Chuck Siegel, owner and chief chocolatier of Charles Chocolates, shows Bay Area Bites readers how to make their own easy and outrageously delicious chocolate truffles. Stephanie Rosenbaum tries out his technique at home.
Tag: the salt
Tech startups aren’t the only businesses incubated in Northern California. Since 2005, the nonprofit group La Cocina, Spanish for “kitchen,” has been providing equipment, mentoring and access to capital to promising small food businesses in the Bay Area.
A commission evaluating the impacts of animal agriculture says the industry has resisted change. And it says government agencies have failed to regulate the industry’s environmental and health practices because of “overwhelming” political influence.
Fruits and vegetables are undeniably important to a healthful diet. But there’s another side to some of these plants that, thankfully, most people never see: the tiny amounts of toxin within them. Lucky for us, healthy human bodies are remarkably good at filtering out toxins from everyday foods.
Environmental groups in Northern California are suing to stop a winery from leveling 154 acres of coast redwoods and Douglas firs to make way for grapevines. As climate change heats up California’s interior valley, the wine industry is creeping toward the coast, where majestic redwoods grow.
Wine is a grocery, not a luxury. That’s the premise behind a fun, new wine guide filled with charming illustrations and scratch ‘n’ sniffs. But don’t let the playfulness fool you. There’s some serious science in the book, which covers the full gamut of tasting with humor and a refreshing simplicity.
Wednesday is World Food Day, an occasion meant to strengthen the commitment to end global hunger. Across Europe, activists are throwing disco soup parties to turn leftover food into delicious food to give to the hungry. And as the name suggests, there’s music, too.
Fifty-two percent of low-wage fast-food workers rely on public assistance programs like food stamps and Medicaid just to make ends meet, a fresh analysis finds. Many are adults supporting families. But some conservative economists say raising the minimum wage to $15 – as protesters are demanding – wouldn’t help matters.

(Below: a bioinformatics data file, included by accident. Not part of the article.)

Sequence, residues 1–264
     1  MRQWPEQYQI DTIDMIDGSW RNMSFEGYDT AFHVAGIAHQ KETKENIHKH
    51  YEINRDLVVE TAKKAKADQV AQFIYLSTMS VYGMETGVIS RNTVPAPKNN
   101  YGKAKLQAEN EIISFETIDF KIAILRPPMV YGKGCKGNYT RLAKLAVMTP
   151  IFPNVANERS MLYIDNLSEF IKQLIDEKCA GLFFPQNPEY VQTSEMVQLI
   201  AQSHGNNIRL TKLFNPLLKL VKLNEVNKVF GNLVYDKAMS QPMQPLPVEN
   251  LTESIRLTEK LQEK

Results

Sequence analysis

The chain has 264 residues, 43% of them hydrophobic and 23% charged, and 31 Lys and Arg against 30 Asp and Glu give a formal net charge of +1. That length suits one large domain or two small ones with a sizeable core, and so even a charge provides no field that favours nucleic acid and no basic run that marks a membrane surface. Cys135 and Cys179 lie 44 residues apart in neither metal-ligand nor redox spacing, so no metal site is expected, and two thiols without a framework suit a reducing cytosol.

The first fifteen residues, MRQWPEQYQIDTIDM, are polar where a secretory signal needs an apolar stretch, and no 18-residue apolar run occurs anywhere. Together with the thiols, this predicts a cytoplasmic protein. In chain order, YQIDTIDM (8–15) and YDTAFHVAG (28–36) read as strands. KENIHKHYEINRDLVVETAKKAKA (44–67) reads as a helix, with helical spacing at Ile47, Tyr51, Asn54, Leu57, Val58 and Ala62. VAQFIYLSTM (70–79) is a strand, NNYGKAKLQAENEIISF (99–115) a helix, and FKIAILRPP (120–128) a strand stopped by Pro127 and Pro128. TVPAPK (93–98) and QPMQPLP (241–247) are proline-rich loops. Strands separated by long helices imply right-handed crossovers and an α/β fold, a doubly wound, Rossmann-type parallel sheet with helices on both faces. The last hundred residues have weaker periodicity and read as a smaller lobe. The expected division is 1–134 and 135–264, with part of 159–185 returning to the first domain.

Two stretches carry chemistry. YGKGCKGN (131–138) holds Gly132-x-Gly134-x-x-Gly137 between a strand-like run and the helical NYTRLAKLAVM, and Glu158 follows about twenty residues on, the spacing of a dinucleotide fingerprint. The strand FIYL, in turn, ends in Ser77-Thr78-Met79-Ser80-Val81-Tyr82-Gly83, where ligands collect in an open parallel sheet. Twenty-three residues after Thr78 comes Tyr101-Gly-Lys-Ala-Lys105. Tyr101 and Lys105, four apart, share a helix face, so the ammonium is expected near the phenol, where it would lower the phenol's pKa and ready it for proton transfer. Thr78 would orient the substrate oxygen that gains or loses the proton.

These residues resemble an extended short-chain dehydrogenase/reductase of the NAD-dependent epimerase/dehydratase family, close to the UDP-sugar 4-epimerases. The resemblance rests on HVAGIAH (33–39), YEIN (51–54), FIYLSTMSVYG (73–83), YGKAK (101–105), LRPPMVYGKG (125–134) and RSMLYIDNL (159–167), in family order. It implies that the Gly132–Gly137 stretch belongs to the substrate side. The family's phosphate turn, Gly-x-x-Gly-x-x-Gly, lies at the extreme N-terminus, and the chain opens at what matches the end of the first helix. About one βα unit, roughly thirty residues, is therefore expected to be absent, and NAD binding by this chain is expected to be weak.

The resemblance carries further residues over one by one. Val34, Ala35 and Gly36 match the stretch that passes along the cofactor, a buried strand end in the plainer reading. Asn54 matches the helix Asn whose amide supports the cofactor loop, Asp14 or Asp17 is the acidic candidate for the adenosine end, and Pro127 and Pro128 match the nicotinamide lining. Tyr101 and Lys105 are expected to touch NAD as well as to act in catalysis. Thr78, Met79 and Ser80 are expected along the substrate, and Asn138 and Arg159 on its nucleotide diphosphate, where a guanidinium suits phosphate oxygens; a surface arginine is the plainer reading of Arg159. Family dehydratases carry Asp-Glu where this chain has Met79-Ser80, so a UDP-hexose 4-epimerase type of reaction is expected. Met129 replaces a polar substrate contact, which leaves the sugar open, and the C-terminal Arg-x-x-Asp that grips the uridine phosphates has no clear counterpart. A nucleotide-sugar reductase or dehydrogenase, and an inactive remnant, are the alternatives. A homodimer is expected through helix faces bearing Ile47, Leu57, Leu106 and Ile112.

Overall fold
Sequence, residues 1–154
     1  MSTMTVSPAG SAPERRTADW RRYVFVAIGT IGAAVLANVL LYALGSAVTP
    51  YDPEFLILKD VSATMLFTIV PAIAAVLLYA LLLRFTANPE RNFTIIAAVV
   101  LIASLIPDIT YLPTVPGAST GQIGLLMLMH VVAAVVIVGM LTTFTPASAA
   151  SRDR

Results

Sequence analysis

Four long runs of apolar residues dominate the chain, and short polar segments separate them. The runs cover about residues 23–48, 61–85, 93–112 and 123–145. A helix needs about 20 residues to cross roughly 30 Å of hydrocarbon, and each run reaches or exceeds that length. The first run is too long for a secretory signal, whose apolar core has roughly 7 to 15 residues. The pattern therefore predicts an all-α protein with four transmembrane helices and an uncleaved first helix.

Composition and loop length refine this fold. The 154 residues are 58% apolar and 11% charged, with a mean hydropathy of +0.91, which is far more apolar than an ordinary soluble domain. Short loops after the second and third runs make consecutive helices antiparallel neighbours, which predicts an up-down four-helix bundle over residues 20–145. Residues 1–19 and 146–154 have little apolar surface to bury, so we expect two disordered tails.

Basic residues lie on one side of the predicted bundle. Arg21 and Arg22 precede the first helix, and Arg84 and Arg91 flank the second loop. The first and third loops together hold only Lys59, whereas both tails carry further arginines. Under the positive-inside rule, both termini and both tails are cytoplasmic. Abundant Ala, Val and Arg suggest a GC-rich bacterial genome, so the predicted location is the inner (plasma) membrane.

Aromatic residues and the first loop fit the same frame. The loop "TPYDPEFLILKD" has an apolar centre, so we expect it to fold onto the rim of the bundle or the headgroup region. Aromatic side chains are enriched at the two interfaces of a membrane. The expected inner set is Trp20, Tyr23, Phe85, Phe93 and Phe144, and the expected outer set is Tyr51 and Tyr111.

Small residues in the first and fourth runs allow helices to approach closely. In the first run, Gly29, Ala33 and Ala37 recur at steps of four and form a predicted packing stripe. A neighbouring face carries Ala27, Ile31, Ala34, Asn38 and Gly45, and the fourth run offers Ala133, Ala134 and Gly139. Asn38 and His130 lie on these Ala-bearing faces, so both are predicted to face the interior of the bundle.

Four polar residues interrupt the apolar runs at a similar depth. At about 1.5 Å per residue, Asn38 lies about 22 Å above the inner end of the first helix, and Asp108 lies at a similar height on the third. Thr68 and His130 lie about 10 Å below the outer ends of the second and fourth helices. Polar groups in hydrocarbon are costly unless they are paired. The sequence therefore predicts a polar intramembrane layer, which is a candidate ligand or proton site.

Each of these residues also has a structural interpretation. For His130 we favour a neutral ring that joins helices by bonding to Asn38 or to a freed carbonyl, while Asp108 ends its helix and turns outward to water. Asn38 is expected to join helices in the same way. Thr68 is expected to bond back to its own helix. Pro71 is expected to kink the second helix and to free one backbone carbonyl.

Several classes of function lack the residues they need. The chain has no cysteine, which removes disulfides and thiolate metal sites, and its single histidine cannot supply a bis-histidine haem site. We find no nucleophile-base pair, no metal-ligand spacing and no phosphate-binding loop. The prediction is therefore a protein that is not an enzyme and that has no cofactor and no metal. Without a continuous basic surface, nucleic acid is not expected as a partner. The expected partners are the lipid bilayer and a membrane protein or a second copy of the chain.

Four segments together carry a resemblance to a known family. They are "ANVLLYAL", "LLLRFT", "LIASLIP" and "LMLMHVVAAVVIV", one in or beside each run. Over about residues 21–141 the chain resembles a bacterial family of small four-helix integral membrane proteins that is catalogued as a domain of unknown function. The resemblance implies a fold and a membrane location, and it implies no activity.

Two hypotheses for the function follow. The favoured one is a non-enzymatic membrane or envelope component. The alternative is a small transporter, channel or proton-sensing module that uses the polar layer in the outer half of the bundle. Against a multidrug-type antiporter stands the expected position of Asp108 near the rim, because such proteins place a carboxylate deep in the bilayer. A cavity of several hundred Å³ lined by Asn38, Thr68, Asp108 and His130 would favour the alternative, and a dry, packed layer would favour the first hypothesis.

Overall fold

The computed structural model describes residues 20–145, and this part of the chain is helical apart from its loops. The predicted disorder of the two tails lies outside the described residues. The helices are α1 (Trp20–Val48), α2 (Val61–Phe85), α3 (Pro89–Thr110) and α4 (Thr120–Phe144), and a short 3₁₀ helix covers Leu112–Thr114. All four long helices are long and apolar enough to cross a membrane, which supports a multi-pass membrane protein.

The street artist’s latest piece is called “Sirens of the Lambs,” and it features a bunch of cuddly puppet animals peeking out of a slaughterhouse truck, squealing with fear. The truck is set to tour around New York City for the next week and a half.
The unharvested food in the White House kitchen garden serves as a high-profile reminder of the shutdown’s effects on food producers. And across the country, farmers are wondering when they’ll receive the permits and government support they count on to stay afloat.
The Food Network was intended for cooks, but it wasn’t run by them. In a new tell-all book, Allen Salkin takes an unsparing look at the channel’s progression from struggling cable startup to global powerhouse, and the people who rose and fell along the way.
Twitter icon Feminist Hulk is pummeling away at the shutdown’s funding threats to WIC, the federal program that provides essential food aid to pregnant women and mothers with young children. And she’s using her nearly 74,000 followers to help – setting up an online resource to help families left in the lurch find baby food and formula.
McDonald’s USA President Jeff Stratton has been criticized on social media for his videotaped response to an employee who confronted him and complained that she doesn’t make enough to feed her kids. But a spokeswoman for the company says McDonald’s has a long history of promoting from within.
There’s a whole slew of mind games that label designers use to get us to think better of their wines without ever tasting a sip. Want to add 10 bucks to the price of a bottle? Class it up with some gold stamping on that label. An insider spills the industry’s secrets in a gorgeous photo book.